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I hate Boeshield T-9, need advice on rust issues...

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Forum topic by TheKingInYellow posted 1129 days ago 8123 views 2 times favorited 59 replies Add to Favorites Watch
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TheKingInYellow

233 posts in 2133 days


1129 days ago

Topic tags/keywords: rust boeshield removal

My one and half week old contractor’s saw is already developing some rust on the surface of the table despite using T-9 on it.

To be clear, after I set up the saw, I removed the Cosmoline with WD40 and disposable towels, made sure it was clean and then sprayed on the T-9. To get complete coverage it seemed like I would have to spray it very heavily, so I used some clean cotton rags and rubbed it into the surface although there was still clearly a wet layer on the table. I let it sit for about 45 minutes and then wiped off the excess with disposable towels.

Two days later and I already noticed some rusting. So, this time I put on a heavy coat, rubbed it in lightly with cotton rags and left the heavy coat on untouched for three days of curing. After three days, the surface was STILL tacky to the touch (and picking up dust like no tomorrow) so I wiped down the excess.

Another two days later and the surface is still kind of tacky. I tried to make a cut and it was actually grabbing the wood, and all the sawdust just stuck to the table. It’s supposed to be waxy but it’s almost gluey, oh and the rusting is getting WORSE.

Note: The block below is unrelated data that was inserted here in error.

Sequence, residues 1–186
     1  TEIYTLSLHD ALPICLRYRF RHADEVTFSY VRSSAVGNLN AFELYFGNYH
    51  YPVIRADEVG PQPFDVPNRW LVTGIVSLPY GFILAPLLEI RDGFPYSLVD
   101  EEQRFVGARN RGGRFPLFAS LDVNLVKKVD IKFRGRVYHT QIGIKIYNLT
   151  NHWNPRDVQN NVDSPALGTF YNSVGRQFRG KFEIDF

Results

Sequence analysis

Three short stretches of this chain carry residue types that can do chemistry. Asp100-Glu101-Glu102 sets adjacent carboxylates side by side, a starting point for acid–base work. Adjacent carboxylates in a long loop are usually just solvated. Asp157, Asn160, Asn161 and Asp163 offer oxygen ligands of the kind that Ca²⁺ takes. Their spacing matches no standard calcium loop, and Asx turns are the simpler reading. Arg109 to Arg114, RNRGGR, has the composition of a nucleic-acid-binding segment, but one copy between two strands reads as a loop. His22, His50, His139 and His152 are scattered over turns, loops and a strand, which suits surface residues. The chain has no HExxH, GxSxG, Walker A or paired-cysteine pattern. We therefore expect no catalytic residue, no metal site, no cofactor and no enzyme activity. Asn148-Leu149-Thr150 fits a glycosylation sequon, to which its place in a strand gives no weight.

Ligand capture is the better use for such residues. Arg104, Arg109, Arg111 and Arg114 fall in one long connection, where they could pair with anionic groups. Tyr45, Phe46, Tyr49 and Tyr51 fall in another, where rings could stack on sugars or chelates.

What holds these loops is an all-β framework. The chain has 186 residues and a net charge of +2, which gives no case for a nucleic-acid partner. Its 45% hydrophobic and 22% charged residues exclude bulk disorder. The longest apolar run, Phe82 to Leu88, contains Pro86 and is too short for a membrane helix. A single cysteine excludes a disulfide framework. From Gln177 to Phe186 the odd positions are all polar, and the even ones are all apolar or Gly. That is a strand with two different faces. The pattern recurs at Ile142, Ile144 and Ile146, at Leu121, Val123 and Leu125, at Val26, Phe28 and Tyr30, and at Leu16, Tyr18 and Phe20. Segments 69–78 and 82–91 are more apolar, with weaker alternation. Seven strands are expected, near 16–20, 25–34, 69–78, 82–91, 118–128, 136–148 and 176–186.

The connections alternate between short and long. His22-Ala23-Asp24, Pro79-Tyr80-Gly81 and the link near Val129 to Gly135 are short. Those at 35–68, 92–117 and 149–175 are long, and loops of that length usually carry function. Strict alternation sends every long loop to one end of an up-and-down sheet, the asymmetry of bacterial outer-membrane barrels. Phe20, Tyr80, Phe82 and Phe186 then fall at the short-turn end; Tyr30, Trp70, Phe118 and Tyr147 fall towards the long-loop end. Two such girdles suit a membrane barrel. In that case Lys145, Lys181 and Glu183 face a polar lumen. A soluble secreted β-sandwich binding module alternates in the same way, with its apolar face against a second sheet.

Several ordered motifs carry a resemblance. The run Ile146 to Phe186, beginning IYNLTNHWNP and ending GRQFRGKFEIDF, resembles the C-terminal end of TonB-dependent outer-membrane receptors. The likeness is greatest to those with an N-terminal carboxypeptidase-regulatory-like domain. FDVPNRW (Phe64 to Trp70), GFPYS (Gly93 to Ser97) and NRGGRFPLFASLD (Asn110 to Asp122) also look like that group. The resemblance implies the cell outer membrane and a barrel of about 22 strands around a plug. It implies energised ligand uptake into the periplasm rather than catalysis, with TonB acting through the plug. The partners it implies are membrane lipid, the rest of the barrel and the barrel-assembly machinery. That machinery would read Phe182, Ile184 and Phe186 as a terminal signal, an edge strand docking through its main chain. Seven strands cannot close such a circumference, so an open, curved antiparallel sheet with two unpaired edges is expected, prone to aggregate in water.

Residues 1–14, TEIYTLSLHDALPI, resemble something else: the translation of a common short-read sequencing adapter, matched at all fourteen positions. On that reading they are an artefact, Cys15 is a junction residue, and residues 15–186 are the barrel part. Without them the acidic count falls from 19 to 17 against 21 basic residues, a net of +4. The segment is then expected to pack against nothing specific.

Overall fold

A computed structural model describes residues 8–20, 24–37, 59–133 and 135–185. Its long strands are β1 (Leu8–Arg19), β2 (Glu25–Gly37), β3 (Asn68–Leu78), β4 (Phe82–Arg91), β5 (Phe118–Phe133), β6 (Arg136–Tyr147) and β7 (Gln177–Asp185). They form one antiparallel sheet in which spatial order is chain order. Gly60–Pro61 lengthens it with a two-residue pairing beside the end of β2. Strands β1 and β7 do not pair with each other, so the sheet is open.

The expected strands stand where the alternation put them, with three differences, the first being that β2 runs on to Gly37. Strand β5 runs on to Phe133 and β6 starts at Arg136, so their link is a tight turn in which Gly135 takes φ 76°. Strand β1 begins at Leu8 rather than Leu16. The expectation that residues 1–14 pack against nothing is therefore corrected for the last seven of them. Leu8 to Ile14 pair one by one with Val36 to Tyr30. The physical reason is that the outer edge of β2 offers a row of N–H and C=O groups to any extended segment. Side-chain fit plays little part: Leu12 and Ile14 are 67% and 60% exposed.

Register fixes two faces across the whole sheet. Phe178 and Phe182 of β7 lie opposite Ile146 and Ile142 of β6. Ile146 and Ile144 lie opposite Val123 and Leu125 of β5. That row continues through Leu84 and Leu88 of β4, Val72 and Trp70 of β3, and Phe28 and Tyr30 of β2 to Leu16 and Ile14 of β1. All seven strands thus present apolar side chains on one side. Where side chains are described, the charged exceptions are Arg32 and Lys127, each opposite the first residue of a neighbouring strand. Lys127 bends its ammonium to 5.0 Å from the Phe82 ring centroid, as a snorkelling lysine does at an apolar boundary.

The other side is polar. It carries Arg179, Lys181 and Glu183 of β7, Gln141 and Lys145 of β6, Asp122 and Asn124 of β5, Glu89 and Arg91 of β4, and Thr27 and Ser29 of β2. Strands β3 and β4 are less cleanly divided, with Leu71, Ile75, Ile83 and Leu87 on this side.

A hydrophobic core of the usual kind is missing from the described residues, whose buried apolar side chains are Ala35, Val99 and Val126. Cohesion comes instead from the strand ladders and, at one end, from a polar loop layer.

Am I wrong or is this product HORRIBLE?! I am going to take it all of (hopefully WD40 will do it) and then I need to deal with the rust (not sure what to use) and then reseal it (not sure what to use). This is an unheated/uncooled garage shop so I know that isn’t helping matters, but there must be something I can do…

Can anyone suggest some products to try that I can get here in Winnipeg? We have a local LV store but they recommended the T-9 and I don’t know what else they carry.

Please help!

-- I'm just learning how to cut the stuff with some other stuff...


59 replies so far

View hokieman's profile

hokieman

162 posts in 2357 days


#1 posted 1129 days ago

Once you get it rust-free, try using some Johnson’s Paste Wax. I live in a somewhat humid area and using Johnson’s Paste Was works for me. No rust on my table saw and jointer.

View TheKingInYellow's profile